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Health Beat: Cancer treatment toxic to the heart

By Melanie Falcon, Anchor / Reporter, @Melanie_Falcon, MFalcon@wfmz.com
Published On: Mar 13 2014 02:32:17 PM CDT
Updated On: Mar 13 2014 04:34:53 PM CDT

You probably know when it comes to treating cancer, there are going to be risks.

PHILADELPHIA -

You probably know when it comes to treating cancer, there are going to be risks.

What you may not know is the same chemotherapy treatments that prolong life can also have devastating consequences on our hearts.

Fit and strong are two words to describe Derek Fitzgerald, but his life is just getting back on track after doctors found a grapefruit-sized tumor in his stomach 10 years ago and diagnosed him with non-Hodgkin’s lymphoma.

"They said Derek, you’ve got cancer," Fitzgerald said.

His best shot at survival was chemotherapy. Fitzgerald underwent six rounds. It destroyed the cancer, but also damaged his heart.

He lived with severe heart failure for seven years. Then he was placed on the transplant list.

"Every night as I closed my eyes to go to sleep, I wondered, how long can I go through this? How much more can my body take before I just close my eyes and don't wake up?" Fitzgerald said.

It's a reality Dr. Mariell Jessup said few patients are aware of.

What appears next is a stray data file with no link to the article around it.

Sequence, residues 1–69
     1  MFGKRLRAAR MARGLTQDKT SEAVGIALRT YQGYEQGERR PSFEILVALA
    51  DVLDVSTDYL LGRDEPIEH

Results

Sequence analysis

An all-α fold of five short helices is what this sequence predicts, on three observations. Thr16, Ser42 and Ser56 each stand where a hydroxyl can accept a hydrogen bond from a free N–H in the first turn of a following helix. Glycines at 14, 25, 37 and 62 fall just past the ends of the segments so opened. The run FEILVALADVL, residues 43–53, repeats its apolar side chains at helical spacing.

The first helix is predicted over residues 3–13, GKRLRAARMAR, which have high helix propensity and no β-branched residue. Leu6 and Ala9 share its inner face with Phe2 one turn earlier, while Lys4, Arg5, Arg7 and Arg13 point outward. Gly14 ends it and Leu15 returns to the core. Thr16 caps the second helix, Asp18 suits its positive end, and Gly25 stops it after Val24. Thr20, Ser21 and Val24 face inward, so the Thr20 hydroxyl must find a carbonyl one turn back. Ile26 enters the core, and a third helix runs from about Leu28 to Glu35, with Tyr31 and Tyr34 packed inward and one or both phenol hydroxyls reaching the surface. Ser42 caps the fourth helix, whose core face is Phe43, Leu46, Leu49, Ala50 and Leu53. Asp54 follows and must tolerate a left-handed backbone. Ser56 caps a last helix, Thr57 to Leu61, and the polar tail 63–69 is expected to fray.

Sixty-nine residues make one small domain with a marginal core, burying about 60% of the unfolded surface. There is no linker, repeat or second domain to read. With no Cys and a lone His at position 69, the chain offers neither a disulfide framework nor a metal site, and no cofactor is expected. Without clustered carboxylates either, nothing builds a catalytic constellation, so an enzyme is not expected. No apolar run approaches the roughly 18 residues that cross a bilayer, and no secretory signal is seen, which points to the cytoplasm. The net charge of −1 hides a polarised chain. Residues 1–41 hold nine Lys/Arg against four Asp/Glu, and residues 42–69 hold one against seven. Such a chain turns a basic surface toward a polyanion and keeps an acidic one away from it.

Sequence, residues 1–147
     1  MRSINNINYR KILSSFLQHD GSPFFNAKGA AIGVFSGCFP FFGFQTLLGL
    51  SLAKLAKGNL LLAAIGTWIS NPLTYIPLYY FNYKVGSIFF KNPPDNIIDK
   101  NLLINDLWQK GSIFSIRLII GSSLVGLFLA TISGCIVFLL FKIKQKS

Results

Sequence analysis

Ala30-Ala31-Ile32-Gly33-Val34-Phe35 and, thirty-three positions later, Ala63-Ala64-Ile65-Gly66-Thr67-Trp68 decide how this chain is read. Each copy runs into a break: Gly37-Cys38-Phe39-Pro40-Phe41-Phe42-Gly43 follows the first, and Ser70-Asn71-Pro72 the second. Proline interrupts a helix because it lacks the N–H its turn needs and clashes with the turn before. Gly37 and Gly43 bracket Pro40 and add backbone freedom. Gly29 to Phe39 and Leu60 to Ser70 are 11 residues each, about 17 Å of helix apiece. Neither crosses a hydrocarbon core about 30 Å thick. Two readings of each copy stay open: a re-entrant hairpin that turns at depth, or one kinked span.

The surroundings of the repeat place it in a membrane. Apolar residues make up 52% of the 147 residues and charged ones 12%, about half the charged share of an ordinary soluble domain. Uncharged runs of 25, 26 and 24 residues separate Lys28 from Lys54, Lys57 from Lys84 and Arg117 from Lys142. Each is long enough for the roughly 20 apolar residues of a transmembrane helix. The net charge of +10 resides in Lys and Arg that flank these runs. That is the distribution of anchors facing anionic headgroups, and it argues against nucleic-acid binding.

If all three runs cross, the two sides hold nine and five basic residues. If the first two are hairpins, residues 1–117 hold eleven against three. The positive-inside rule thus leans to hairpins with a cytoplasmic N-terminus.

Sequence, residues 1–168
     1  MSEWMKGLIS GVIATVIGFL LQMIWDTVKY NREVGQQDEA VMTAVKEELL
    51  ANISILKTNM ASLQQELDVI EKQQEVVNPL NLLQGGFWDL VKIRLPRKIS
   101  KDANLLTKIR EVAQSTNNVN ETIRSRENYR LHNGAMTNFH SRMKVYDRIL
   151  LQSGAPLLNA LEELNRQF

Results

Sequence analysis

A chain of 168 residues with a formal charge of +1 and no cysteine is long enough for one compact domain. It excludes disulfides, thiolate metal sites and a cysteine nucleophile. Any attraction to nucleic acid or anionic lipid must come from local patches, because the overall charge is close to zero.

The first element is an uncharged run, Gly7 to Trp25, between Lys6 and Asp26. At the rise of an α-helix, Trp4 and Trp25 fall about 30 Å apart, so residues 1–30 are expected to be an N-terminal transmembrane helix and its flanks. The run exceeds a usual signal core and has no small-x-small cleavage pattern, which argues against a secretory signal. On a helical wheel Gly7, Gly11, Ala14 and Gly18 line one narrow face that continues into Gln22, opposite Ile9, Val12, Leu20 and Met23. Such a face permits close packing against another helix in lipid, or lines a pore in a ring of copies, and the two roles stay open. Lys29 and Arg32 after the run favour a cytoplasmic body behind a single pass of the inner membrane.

"In Derek’s case, there are chemotherapy agents that actually weaken the heart," said Jessup, professor of medicine, University of Pennsylvania, Penn Medicine Heart & Vascular Center.

In fact, Jessup said treatment may put a survivor at three to seven times greater risk of developing heart disease.

"So many patients that come here say, 'I just can’t believe something else happened to me,'" Jessup said.

Jessup recommends talking to your doctor about your risk and getting regular health screenings.

Fitzgerald found a new heart, and despite having never exercised before, began to, to honor his donor. Eight months post-transplant, he ran his first 5K. Two months later, he ran a half-marathon. Just two years later, he completed his first Ironman.

"Every time I get out there, it's a celebration of this chance that I’ve been given," Fitzgerald explained.

Fitzgerald is the first cancer and heart transplant survivor to finish an Ironman and his third chance at life keeps getting better. After struggling with infertility, he and his wife had their first baby this year.

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